With biomass, algae in front of late, needing CO2 in the air or in the algae growth media the prospect of capturing CO2 gets up front pretty fast. The flue gas CO2 which is available at any coal or gas fired electrical generating plant is already concentrated and only needs cleaned enough not to poison the plants it is destined for.

But the problem is the cost. So far, the basic process is electrodialysis to separate the CO2 from the medium that captured it. The issue is the amount of electricity that is needed to drive the process. Many researchers are thinking that electric drives are not the way to go forward, and suggest that other methods would be more economical and more likely to achieve the goals of the carbon sequestration crowd.

We’re more interested in supporting the plant contained systems such as Vertigro, Greenfuel Technologies and other systems that can benefit from higher than atmosphere concentrations. Will all due respect to the emotions of global warming, 370 parts per million is not a glory road for plant based CO2 recycling. Over large tracts of land with crops designed for feeding fuel processes the current state is enough, but the strict control systems, those with the highest and fastest return for investments and offing fast scale up for fuel production would benefit from some added CO2.

Global Research Process Graphic

One leading concern in developing CO2 capture devices is Global Research Technologies in Tucson Arizona. This device holds sheets of material that capture the CO2 as air flows by, whether out in the open or in a flue stream. Then when the material is laden it is washed down with a proprietary fluid that then needs the CO2 removed for the fluid to be recycled. The process used to clean the fluid is – electrodialysis. While the process and technology is slick, the electricity used is substantial.

Skeptics assert that the electricity used is barely breaking even with the CO2 cost to generate it in the first place. Global Research is hoping to drive their devices with solar power in future models. Klaus Lackner a geophysicist at Columbia University says, “Prying the carbon dioxide loose once you absorb it is the hard part.” Mr. Lackner also offers that “In the long term, the price will come down to $30 per ton, but this will not happen overnight.”

The basis for much of the discussion is the assertion that trees over an acre will only sequester between 2 to 8 tons of CO2 each year. That is the base line for argument, with no ideas offered about crops like sugarcane, corn, switchgrass, miscanthus, hybrid popular and other crop type plants. The low leader here is corn, which at 150 bushels an acre is taking out more CO2 than trees do. But, the big gains need to come from cellulosic-based crops that can be processed into fuels. With these, the tons per acre can get large fast and with genetic improvements and improved cultivation the total recycled CO2 volume and the newly available barrels of fuel can get quite large.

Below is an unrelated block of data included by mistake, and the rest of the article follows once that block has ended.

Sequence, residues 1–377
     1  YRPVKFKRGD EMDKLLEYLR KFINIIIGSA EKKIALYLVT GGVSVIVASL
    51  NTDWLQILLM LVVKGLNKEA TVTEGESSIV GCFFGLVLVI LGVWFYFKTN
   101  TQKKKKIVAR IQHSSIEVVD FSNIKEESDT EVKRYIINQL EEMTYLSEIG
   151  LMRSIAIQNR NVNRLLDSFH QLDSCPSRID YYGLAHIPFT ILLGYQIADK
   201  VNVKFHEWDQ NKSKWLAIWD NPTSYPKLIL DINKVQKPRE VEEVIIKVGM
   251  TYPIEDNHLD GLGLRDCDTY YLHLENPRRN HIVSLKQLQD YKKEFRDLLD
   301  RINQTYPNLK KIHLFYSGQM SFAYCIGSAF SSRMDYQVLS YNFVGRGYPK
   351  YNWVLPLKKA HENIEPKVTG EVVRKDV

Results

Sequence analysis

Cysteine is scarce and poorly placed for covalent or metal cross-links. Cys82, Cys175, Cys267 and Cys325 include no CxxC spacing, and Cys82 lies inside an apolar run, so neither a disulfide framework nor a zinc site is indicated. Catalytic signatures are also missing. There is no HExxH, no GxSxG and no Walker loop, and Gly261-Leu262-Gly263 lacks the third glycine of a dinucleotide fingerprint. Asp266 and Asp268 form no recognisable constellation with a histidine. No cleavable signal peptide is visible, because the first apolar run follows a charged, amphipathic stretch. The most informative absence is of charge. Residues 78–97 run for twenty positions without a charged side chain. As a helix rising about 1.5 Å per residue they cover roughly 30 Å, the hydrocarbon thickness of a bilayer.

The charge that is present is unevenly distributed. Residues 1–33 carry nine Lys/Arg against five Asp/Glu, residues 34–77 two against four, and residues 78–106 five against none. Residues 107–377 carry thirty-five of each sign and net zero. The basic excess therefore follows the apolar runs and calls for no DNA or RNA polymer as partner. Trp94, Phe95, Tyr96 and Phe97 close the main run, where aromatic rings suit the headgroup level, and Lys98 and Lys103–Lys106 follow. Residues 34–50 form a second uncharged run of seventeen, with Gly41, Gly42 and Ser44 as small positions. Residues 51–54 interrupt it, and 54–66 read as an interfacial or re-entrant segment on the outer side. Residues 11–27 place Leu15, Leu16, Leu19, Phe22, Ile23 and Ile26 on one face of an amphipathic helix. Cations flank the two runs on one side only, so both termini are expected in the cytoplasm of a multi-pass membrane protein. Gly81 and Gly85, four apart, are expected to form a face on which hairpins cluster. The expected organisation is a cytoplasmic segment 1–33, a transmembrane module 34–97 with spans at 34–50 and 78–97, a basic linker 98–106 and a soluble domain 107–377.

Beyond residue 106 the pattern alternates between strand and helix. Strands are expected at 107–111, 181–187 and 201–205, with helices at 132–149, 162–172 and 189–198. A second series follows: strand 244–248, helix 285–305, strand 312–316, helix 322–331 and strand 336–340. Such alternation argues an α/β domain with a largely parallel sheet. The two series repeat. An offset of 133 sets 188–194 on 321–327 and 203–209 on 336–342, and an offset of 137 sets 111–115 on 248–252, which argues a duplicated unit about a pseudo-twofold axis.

These still will require large land areas, which make the strict control algae systems quite attractive. One idea that may be transferable to strict control is from Climos who wants to seed pulverized iron over the ocean in hopes of germinating a plankton bloom. Iron has been shown to promote the growth of ocean algae. These species inhale CO2 at rates that a few months of algae growth can equal decades of tree growth. But Dan Whaley, the CEO of Climos, also thinks from a CO2 global warming perspective. Little concern is offered that the idea of seeding the oceans could well overshoot the goal and drive CO2 to levels too low. The consequences of that would be dire for billions of people and thousands of plant and animal species.

Here’s the paradox. With the global warming crowd screaming such drivel, offering that the debate is over and such distractions to avoid intelligent analysis on the one side, and the realization that man has had, is having, and will always have a role in the planet’s carbon cycle, we don’t have a good idea of what a target CO2 proportion is in an atmosphere that needs to support more than 6 billion humans. That’s not even to consider that impacts we may have on the flora and fauna who share the globe with us.

Yesterday we saw that thinking through to the full useful end of atomic fissionable fuel needs thought through for both extracting the full measure of what it offers and reducing the hazards of making full use. Today the point needs offered that hard consideration needs done, not just for a quick fix, but for centuries to come about how humanity will act in the planet’s carbon cycle.

Gee, it seems the hysteria rules for now. We can only hope that “the gold rules” of biofuels can bring some sense back to the discussion. It won’t be pretty.


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